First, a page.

Day 4 of the book tour
Hermine Reuss of Greiz was one of the five daughters of Heinrich XXII, Prince Reuss of Greiz and his wife Princess Ida of Schaumburg-Lippe. Her childhood was overshadowed by the death of her mother in childbirth and the incurable disability of her only brother. A 13-year marriage to Prince Johann Georg of Schönaich-Carolath produced five children before her husband’s death of tuberculosis. However, determined never to be married again, Hermine ended up meeting the exiled German Emperor Wilhelm II, and soon fate had other plans.
Shortly before Easter 1922, Hermine’s young son Georg Wilhelm learned of the lonely German Emperor in exile, Wilhelm II – and he begged his mother to let him write a letter to the Emperor. Wilhelm was so touched by it that he invited the young boy and his widowed mother, Hermine, to Huis Doorn in the Netherlands, where he lived. Hermine decided to go alone as not to interrupt her son’s studies. It would be their first meeting in nine years. Of their first meeting at Huis Doorn, Hermine wrote, “The Emperor’s hair is snowy white. It was beginning to turn grey when I saw him last. How changed he looks with his beard! The white frame accentuates the spirituality of his features. His carriage is firm and youthful. He does not look like a man who permits fate to bend his back. His Majesty stands before me in a simple field-grey uniform. With native chivalry, he helps me out of the car. Gallantly he kisses my hand and conducts me with elastic steps into his home under alien stars. His Majesty insists on taking me to my room.” The following morning, he presented her with freshly cut roses from his first wife’s rose garden.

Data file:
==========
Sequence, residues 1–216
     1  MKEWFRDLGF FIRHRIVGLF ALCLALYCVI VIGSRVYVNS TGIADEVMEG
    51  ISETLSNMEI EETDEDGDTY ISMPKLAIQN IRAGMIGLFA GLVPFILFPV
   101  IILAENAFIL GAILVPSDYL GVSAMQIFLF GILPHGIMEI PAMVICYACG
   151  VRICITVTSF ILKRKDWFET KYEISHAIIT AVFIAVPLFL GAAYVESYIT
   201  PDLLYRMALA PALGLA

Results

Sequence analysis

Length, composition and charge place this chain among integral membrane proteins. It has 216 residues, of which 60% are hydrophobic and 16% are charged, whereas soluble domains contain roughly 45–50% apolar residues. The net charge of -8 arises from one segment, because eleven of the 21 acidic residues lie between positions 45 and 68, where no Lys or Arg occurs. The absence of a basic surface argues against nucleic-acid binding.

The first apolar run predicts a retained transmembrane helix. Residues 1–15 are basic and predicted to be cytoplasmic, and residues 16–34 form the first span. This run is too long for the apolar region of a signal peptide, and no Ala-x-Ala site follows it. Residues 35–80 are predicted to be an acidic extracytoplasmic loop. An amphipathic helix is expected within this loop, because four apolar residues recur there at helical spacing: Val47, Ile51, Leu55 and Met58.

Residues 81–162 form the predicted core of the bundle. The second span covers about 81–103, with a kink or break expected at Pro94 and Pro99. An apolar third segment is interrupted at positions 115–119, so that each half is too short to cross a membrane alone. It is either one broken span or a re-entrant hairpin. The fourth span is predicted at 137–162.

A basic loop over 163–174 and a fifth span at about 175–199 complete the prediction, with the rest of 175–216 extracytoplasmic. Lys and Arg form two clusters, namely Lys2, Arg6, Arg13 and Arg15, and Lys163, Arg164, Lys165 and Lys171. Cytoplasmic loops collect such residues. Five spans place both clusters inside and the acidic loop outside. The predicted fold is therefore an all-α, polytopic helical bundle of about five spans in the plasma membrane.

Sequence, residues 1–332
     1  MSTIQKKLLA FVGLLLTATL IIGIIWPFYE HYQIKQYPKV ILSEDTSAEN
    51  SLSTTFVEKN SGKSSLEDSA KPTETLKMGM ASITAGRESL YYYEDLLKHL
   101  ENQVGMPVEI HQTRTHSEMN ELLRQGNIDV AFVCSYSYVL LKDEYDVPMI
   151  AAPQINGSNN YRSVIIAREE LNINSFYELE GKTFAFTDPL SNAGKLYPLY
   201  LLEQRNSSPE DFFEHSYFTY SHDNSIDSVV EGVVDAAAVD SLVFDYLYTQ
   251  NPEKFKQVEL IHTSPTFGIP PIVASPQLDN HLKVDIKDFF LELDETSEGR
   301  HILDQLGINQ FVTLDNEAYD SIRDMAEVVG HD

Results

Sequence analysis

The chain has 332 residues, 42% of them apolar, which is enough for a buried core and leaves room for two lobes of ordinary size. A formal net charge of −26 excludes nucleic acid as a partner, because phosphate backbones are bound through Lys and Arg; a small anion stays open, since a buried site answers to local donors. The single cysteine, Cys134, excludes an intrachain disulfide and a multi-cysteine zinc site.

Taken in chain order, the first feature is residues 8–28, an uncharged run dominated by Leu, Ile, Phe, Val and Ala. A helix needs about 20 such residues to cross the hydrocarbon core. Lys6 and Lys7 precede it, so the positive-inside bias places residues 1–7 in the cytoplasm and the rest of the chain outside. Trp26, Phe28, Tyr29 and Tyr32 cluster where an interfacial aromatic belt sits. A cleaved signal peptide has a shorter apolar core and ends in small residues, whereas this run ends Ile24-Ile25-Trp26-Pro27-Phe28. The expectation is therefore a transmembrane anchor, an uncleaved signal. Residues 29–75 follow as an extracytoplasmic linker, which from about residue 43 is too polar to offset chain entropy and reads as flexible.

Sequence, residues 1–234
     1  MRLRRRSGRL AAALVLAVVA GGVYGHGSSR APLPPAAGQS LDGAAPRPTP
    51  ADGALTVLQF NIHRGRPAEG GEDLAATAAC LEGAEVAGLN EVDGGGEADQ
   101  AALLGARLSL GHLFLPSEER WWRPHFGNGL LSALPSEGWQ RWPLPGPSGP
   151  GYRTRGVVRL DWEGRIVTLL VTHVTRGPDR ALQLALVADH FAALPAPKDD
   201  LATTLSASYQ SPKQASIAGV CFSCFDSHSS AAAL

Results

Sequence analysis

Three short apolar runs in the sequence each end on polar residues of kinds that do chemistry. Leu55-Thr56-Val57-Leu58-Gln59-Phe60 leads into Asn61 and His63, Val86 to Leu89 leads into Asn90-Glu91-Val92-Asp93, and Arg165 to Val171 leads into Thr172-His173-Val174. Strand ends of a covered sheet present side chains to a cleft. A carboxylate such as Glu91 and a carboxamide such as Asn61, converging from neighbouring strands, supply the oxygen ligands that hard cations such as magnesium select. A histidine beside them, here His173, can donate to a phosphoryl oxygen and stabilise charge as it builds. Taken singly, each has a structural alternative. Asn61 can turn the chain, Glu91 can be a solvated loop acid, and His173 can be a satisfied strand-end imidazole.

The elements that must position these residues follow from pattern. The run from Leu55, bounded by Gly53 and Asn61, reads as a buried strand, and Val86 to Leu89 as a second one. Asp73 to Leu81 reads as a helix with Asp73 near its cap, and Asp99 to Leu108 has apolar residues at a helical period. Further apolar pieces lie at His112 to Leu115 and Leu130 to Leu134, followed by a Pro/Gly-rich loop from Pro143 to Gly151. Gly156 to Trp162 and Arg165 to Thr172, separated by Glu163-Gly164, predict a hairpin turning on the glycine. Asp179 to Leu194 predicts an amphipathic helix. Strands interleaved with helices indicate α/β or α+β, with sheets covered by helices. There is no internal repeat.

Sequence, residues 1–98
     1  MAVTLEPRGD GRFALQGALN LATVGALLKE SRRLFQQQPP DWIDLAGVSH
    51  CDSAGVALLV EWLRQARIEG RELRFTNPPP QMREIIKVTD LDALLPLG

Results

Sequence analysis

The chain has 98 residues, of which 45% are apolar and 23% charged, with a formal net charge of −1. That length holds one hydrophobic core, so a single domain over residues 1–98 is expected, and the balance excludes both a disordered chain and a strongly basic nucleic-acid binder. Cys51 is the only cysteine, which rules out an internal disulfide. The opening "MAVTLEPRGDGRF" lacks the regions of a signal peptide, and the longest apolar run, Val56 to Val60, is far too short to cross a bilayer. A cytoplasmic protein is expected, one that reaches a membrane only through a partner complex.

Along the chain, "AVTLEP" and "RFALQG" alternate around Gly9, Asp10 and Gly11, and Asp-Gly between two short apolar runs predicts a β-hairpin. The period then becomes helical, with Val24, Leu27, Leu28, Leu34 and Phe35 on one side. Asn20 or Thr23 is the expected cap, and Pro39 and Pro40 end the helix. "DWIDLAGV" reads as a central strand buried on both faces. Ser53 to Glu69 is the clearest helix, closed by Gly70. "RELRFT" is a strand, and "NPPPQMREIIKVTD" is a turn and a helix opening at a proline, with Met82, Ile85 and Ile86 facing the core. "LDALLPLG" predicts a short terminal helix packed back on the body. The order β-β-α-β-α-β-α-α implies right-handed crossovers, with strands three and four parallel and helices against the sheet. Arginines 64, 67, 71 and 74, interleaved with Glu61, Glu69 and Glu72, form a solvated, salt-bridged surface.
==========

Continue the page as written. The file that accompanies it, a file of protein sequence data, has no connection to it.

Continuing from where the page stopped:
Wilhelm found himself much cheered by Hermine’s visit and his behaviour did not go unnoticed. One secretary told Hermine, “Since Your Highness has been here, the dark clouds have disappeared from above the Emperor’s head. He no longer walks around like a figure from a Greek tragedy. You have made him human again. There is new light in his eyes and in his attitude.”
Much to Hermine’s surprise, Wilhelm proposed marriage to her just a few days into her visit. After much consideration, Hermine decided to accept. Wilhelm wrote to a friend, “So I have found a woman’s heart, after all, a German princess, an adorable, clever young widow has decided to bring sunshine into my lonely house & to help share my solitude and make it beautiful with her warm, devoted love. Peace and happiness have taken possession of my torn, tormented heart now that she has given me her hand… My happiness knows no bounds.”
Wilhelm’s family, on the other hand, were mortified to hear of it. In their eyes, no one could replace their mother, but that had not been Wilhelm’s intent in any case. After their marriage, Hermine would not be allowed to use the late Empress’ rooms, which had been left as a sort of shrine – and still are. Wilhelm later said, “The memory of Auguste Viktoria is not a spectre dividing us, but a tie that unites us.” Nevertheless, most of Wilhelm’s immediate family declined to attend the wedding, and the animosity against Hermine never really went away.
Moniek Bloks is the editor of the successful blog History of Royal Women. She lives in the Netherlands and has a background in law. Her interest in historical royal women and writing began at an early age, and she has been glad to share the stories of often little-known royal women. When she isn’t writing, she is visiting castles and palaces around Europe with her trusty camera.